Amanda McCavour: Dissolving Fabric

Amanda McCavour’s thread drawings are created on a sewing machine,  sewn into a fabric that then dissolves in water,  leaving just thread.  The intricate, detailed textile work flows from her interest in “the vulnerability of thread,  its ability to unravel, and its strength when it is sewn together.” (Above, detail from Living Room)

During an artist-in-residence program in Dawson City, Yukon,  McCavour  replicated this turn of the century steam pump, left at the side of one of the gold rush city’s main streets.

Installation view,  from exhibition at Lonsdale Gallery

-From Fibre Quarterly

-Untitled figure, Gladstone Hotel, Toronto

This piece is based on my old living room in my old apartment. I recreated many of the objects that existed in that space, chairs, side tables and other nick nacks out of thread and hung them from the ceiling so that they were layered on top of one another, mimicking the space in my old home.  Each of the objects were created on a 1 to 1 scale.  –Artist’s Website

Amanda McCavour is a Toronto-based artist with a BFA from York University where she studied drawing and installation.  Since graduating in 2007, she has participated in national and international exhibitions and has recently completed residencies at Harbourfront Centre’s Textile Studio in Toronto and at the Klondike Institute of Art and Culture in Dawson City, Yukon.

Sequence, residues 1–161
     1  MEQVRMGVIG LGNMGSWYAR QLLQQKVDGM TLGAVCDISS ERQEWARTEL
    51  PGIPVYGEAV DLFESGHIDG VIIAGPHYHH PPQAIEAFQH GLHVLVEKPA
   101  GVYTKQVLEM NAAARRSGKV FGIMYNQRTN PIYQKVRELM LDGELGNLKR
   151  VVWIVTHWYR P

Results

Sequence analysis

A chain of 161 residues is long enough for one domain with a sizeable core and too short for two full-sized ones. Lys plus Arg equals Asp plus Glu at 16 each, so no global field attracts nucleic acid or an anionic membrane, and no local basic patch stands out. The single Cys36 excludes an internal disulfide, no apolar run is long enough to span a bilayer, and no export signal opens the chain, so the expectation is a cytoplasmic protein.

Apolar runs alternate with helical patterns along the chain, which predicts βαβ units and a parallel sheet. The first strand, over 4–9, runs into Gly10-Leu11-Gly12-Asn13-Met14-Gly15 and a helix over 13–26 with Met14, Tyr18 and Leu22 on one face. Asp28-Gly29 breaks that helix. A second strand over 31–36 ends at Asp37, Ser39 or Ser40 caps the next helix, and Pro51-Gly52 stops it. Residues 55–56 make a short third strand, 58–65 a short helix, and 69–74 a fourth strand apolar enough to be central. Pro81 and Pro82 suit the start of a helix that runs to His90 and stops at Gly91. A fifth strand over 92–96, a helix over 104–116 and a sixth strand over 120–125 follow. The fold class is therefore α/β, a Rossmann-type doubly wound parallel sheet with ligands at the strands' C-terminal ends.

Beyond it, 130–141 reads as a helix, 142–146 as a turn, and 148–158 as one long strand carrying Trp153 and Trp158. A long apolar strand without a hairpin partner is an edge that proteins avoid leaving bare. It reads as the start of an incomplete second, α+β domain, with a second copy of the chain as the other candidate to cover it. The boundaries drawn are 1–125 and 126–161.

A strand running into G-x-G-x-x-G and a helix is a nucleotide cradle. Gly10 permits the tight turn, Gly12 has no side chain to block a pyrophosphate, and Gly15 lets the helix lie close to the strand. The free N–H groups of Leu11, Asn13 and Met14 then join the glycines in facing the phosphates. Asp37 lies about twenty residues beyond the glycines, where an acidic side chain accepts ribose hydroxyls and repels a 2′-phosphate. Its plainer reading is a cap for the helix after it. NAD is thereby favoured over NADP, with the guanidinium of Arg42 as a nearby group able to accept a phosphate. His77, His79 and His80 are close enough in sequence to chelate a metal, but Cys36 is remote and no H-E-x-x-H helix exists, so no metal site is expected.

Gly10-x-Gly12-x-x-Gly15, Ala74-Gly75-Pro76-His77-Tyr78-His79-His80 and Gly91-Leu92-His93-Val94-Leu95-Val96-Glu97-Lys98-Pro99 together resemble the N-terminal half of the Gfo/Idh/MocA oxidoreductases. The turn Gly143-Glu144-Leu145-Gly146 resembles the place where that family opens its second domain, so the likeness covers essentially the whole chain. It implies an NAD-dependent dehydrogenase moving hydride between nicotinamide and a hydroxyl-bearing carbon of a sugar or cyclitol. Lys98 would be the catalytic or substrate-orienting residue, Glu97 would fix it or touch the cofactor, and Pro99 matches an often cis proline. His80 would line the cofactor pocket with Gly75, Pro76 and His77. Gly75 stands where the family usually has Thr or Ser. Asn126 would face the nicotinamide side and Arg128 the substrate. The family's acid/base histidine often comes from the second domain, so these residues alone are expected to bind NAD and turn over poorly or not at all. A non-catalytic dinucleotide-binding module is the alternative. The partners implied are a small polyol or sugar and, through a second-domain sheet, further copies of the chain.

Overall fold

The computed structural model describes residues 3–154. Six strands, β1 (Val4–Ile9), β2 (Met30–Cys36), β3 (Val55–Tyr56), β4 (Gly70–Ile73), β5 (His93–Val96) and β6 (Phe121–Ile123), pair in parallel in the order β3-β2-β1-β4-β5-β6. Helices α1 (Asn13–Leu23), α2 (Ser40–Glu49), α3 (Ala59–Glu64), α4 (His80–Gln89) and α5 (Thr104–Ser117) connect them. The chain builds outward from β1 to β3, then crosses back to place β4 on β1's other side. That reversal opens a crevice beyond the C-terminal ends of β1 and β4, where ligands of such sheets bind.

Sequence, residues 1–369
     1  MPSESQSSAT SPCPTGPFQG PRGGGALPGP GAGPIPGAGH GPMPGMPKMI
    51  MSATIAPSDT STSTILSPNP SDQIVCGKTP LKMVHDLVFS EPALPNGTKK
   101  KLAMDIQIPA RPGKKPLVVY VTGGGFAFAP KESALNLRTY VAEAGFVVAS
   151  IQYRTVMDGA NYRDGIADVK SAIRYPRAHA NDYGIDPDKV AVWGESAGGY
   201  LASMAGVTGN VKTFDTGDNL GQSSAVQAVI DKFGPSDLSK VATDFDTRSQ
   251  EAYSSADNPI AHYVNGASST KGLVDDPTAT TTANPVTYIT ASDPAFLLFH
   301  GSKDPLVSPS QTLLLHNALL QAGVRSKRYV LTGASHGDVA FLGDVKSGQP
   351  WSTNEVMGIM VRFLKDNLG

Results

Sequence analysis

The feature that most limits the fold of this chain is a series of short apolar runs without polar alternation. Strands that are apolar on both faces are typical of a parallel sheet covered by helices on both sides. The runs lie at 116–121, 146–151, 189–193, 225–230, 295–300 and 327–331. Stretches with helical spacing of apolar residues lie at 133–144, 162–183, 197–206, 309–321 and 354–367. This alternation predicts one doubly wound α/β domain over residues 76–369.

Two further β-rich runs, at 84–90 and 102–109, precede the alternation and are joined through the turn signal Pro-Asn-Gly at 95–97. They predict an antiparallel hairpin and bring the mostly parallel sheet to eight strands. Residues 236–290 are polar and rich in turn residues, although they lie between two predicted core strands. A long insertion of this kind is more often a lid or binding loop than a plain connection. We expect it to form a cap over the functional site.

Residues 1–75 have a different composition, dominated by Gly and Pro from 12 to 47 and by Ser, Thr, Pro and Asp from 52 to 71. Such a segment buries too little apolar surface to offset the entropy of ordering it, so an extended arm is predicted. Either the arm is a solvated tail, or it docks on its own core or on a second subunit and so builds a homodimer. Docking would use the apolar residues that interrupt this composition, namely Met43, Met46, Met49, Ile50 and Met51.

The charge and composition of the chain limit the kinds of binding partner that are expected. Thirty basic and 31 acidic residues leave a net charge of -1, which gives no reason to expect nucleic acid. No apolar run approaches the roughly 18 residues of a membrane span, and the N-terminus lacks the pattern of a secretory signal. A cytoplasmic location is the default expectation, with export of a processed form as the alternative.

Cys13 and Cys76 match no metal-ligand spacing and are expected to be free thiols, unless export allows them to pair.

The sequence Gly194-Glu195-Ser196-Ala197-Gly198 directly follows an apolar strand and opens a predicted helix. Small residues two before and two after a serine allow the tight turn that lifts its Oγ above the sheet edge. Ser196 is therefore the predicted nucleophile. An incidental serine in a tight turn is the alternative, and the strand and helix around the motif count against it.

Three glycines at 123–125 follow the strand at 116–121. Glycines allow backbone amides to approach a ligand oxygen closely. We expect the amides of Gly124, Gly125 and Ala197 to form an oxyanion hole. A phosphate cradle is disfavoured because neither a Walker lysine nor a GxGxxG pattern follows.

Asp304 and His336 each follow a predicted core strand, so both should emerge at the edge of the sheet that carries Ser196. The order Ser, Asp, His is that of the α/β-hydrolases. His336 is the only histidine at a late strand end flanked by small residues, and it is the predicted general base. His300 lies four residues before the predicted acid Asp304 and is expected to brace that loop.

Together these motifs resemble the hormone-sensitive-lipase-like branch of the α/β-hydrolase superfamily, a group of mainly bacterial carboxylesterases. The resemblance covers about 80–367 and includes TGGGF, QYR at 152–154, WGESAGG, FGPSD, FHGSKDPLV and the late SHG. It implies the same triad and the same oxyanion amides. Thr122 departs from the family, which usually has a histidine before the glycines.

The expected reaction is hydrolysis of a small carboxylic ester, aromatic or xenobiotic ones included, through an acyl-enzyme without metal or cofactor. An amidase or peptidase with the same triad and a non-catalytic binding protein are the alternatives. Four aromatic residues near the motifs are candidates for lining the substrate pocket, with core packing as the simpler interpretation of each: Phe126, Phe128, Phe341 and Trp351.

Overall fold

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Amanda McCavour’s website, here

  • More Fibre Art on Canadian Art Junkie, here.
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There are 25 comments

  1. michellecfecit

    this is the first i get a chance to take a good look at AM’s work.
    i visited her website & scrolled through the pieces. i love the studies
    with the hands & figures which seem to be working at the thread
    themselves! it’s a direct translation of the artist herself. they also give
    the feel of someone trying to peel off the layers time & age.
    the suspended ones like ‘floating garden’ really play with the shadows
    created. it looks like the shadows are in dance!
    there’s no arts&crafts feel about them either, very much fine art.

    Like

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